Since the beginning of the popular uprisings which began in Syria in March 2011, the Syrian regime has worked hard to use all possible weapons to quell any opposition. Alongside the use of light weapons, the use of tanks, mortars, gunboats, war planes and helicopters, Scud missiles, poisonous and chemical gases and explosive barrels have all been documented.
At the end of May 2015, the Syrian regime introduced a new weapon to the list, using it in a systematic manner: naval mines.
According to the brigadier general of the Syrian navy, Ahmed Rahal, a naval mine weights between 1000 and 13000 kg, meaning that it’s destructive ability is very high, especially as it’s designed to destroy military armoured ships. The Syrian navy owns between 6000 and 7000 naval mines of Russian origin, most of which have been stored for over 30 years in military stores specifically for military weapons. These military stores are in Hirmil, inside the mountains opposite Tartous on the coast. A second store is located close to Saqubayn, 10km north to Latakkia.
The mines were invented in the 1960s, and have been in Syria since the mid eighties.
Naval mines differ from explosive barrels in that they own several detonators and are therefore more likely to explode. The prospects of a naval mine not exploding is very limited. In addition, the extent of their impact is more extensive than that of explosive barrels, with the diameter of the area of effect being around 500m, compared to 100m for explosive barrels. Naval mines can also penetrate buildings before exploding inside, making their impact and power even greater.
One mine weighs approximately 200kg, compared to barrels which weigh about 1000kg each, which means that one helicopter can carry around 20 mines compared to only four barrels.
It is thought that the usage of mines at this time is due to two main reasons:
Firstly: that these mines are found in the Syrian navy’s stores and they haven’t been used since they arrived to Syria, therefore their usage will not incur any extra expenses on the Syrian regime which is currently suffering from severe financial problems and is unable to buy new weapons and supplies.
Secondly: the high destruction capability of these mines compared to explosive barrels.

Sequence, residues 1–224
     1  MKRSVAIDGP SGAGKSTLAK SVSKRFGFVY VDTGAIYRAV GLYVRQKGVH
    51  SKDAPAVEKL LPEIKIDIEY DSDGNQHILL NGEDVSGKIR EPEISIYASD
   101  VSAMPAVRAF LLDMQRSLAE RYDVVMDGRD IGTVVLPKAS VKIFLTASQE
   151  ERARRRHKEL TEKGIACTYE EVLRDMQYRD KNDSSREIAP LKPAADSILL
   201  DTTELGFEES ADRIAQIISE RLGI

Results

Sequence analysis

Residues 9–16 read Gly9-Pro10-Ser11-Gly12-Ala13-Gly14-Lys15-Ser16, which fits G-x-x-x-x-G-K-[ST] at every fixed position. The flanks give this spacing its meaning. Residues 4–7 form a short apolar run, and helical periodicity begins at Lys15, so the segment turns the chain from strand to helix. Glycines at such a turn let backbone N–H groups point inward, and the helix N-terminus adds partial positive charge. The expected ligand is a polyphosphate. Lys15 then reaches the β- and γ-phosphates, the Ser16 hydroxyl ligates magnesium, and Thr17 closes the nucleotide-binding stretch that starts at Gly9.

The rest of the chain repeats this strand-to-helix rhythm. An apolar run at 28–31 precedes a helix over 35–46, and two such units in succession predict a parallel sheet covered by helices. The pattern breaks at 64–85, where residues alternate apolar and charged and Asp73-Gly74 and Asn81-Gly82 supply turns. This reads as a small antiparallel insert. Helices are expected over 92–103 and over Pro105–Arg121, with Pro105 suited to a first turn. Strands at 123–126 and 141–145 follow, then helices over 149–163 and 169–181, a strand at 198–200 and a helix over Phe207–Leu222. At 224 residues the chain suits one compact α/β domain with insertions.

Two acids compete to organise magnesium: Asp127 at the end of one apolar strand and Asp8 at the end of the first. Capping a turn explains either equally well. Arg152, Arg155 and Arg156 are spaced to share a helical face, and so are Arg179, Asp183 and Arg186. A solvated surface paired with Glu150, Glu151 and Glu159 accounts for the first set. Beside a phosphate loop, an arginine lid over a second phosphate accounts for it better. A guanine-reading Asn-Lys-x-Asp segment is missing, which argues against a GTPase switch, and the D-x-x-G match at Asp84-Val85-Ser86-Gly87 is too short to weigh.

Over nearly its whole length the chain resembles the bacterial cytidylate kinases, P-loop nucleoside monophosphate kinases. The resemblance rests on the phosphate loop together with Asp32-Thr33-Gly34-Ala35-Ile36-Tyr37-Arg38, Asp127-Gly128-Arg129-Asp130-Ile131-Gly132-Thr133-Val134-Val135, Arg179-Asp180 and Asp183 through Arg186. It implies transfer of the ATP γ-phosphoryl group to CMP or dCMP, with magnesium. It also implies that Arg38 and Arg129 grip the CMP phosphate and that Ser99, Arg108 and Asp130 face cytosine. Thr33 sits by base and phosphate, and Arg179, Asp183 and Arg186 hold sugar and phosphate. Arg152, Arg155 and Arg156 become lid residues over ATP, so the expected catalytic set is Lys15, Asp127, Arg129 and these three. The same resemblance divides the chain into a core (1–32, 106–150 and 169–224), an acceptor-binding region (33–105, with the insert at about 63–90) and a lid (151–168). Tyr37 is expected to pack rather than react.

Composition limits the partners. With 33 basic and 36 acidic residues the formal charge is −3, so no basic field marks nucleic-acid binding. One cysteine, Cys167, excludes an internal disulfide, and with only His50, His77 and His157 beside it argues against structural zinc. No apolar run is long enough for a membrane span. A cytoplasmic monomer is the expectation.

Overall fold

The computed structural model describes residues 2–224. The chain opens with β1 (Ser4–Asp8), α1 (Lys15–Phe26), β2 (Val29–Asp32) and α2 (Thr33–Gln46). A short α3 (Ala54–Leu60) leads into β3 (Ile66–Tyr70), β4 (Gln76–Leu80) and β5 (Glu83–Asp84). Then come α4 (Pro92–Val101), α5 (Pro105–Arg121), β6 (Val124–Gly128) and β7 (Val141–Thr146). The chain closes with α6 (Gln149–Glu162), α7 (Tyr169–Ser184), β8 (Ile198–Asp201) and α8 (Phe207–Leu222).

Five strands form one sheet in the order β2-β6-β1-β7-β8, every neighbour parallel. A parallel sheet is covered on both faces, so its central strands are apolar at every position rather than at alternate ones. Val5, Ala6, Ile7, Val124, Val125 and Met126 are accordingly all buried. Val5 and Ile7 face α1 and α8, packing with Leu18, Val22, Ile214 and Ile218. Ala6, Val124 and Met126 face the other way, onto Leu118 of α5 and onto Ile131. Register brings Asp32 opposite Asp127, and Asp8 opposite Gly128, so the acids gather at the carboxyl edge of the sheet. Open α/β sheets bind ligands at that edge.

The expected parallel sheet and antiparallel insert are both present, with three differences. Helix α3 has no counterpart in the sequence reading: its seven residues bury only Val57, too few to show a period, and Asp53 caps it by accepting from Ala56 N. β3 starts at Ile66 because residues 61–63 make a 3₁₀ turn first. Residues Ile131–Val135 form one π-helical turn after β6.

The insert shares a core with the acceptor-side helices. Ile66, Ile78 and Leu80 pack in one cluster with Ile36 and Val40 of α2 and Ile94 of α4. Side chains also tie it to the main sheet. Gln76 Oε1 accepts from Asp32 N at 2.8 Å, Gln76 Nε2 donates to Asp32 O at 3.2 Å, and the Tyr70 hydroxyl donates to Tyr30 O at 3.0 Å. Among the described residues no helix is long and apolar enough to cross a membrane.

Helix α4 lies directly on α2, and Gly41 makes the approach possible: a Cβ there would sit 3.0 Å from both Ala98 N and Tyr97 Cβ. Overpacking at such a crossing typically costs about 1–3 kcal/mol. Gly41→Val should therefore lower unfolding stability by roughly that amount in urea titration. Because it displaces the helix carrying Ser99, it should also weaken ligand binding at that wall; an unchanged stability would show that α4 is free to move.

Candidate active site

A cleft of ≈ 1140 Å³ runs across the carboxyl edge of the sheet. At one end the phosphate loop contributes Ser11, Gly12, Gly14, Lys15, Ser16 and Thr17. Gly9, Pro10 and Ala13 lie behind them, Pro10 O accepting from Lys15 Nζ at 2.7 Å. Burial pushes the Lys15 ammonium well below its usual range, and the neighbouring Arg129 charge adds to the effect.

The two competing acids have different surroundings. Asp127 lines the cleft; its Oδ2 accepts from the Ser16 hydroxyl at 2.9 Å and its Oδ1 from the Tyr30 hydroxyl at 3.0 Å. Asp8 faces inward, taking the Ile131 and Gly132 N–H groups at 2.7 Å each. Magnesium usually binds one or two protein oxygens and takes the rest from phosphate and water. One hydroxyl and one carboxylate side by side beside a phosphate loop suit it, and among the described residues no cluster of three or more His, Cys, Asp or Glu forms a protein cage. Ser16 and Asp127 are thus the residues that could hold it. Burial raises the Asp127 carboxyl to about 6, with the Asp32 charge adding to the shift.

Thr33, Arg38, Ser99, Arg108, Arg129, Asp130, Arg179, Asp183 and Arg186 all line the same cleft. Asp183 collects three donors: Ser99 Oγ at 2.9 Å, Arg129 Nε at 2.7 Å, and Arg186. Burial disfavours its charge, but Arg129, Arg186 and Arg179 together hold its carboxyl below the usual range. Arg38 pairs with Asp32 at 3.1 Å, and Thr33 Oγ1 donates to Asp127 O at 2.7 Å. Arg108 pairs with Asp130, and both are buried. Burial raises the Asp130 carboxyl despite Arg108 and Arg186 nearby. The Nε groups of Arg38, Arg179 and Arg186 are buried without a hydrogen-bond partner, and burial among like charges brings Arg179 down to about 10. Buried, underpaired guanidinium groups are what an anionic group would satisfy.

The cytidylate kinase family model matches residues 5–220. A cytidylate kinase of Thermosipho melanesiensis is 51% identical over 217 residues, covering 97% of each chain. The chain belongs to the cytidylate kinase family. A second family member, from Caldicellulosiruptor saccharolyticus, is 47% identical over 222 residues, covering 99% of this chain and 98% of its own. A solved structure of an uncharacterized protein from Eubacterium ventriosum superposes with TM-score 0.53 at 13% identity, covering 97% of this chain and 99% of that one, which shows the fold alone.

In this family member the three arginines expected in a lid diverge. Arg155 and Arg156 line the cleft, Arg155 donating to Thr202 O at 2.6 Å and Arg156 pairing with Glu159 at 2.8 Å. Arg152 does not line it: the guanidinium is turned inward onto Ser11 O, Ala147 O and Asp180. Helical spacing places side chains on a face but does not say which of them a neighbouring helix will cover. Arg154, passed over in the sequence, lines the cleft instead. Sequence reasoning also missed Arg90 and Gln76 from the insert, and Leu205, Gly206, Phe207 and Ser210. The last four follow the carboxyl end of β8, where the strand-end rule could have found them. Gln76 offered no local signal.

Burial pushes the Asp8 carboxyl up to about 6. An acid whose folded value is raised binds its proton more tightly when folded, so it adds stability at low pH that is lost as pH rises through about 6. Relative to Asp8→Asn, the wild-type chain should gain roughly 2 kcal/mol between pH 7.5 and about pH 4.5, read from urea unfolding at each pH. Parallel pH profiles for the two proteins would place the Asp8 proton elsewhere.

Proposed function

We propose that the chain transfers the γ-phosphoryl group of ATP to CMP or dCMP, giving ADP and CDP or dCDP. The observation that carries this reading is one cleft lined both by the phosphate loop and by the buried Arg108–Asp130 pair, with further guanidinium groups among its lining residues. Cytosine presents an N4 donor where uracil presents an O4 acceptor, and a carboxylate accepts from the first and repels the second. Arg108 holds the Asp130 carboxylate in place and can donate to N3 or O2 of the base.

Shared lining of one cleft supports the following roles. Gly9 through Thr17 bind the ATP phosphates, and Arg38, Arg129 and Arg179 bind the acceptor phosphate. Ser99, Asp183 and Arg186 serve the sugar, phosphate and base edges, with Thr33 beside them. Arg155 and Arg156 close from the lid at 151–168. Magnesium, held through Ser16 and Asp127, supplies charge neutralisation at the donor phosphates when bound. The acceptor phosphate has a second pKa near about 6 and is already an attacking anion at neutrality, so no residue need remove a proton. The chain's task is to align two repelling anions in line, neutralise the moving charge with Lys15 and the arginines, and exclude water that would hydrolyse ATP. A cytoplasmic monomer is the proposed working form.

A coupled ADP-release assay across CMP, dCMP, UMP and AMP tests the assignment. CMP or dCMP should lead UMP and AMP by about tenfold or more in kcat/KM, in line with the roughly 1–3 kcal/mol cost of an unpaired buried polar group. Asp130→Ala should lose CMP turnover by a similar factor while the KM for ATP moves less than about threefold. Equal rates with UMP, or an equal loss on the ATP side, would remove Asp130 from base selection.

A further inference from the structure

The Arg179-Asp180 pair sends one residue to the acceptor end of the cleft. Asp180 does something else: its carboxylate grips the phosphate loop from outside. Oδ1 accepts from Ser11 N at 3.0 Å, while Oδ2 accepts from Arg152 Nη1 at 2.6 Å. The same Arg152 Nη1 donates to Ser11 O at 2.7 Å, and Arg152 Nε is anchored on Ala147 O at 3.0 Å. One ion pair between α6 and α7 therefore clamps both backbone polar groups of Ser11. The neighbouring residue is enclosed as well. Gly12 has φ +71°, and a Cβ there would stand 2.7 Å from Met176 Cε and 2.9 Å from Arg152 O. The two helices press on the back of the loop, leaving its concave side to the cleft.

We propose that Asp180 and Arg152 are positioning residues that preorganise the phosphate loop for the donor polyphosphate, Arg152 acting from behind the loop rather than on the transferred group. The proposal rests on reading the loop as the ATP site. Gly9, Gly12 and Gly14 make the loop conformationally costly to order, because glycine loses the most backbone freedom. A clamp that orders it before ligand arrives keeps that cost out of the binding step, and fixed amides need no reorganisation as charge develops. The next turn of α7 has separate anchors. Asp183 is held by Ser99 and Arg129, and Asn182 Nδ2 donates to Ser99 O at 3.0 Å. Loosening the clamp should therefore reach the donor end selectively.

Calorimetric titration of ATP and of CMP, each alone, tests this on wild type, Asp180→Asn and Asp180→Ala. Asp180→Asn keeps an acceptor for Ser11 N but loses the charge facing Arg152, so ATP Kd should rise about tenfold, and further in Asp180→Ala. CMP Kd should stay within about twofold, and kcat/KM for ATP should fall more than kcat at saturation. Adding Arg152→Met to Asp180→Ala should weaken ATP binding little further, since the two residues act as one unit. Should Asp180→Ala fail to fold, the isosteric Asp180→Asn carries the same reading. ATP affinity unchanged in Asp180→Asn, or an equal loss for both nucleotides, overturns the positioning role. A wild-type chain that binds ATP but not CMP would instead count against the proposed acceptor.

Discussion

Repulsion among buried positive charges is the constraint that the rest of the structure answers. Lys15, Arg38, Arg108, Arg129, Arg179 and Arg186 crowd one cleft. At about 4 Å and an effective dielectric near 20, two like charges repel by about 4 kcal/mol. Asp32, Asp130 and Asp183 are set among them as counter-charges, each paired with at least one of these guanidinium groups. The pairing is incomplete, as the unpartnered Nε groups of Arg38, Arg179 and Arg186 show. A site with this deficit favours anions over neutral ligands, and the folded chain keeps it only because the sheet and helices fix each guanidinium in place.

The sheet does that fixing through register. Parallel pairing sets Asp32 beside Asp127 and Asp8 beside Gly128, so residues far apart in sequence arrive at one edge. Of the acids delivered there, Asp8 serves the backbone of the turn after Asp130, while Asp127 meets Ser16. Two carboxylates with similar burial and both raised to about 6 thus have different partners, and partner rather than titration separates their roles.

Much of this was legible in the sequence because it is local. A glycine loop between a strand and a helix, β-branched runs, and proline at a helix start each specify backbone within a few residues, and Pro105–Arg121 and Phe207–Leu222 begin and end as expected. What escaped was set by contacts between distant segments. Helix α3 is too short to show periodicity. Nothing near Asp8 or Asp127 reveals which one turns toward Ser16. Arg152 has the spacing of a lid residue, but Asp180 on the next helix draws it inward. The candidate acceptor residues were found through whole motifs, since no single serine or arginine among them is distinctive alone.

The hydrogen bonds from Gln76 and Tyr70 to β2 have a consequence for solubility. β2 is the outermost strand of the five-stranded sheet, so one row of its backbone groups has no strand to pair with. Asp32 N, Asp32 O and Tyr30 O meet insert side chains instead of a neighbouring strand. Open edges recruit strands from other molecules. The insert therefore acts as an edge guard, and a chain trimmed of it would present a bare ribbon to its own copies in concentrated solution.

The Legal Stance on the Use of Naval Mines
The use of explosive barrels and naval mines as bombs fall in the category of indiscriminate weapons, which are completely prohibited in international law.
The first protocol of 1977 and the four Geneva conventions specify arbitrary attacks against civilians as:
1) Those which are not directed at a specific military target
2) Or those which use methods which cannot be directed to specific military targets
3) Or those which employ a method or means of combat which cannot be limited to their effects as required by the abovementioned “Protocol”, and therefore that will infect, in each such case, the military objectives and civilians or civilian objects without distinction
All three characteristics above apply to explosive barrels, as they do to naval mines, and one naval mine alone is enough to be classified as an arbitrary weapon.
The protocol describes “indiscriminate attacks” in paragraph 4/b of article 51 as:
An attack which may be expected to cause incidental loss of civilian life, injury or damage to civilian objects, or a combination thereof losses and damages occur, excessive in relation to what is expected to result in the concrete and direct military advantage.
According to the Rome Statute of the International Court for criminals, the use of indiscriminate weapons, such as barrels and mines is a war crime. This explains why the Syrian President Bashar al-Assad denies the use of these weapons unlike other weapons used.
Naval Mines as an Arbitrary Weapon in Syria
The excessive use of naval mines in Syria began at the beginning of May 2015. They were documented to have been used primarily in Sahl al-Ghaab, as well as in rural Aleppo and rural Idlib.
The fundamental distinction between the processes of dropping barrels as compared to mines is that whilst a helicopter can drop 3-4 barrels only, it can drop 20 mines in one go.
It is incumbent to note that mines have been used in several Syrian cities previously although on a limited basis. However, they were not documented as a primary weapon, and they may have been used to test their use as a weapon similar to barrels.
An example of this is when the use of naval mines on Al-Maliha and the Eastern Ghouta were documented on 24/12/2012.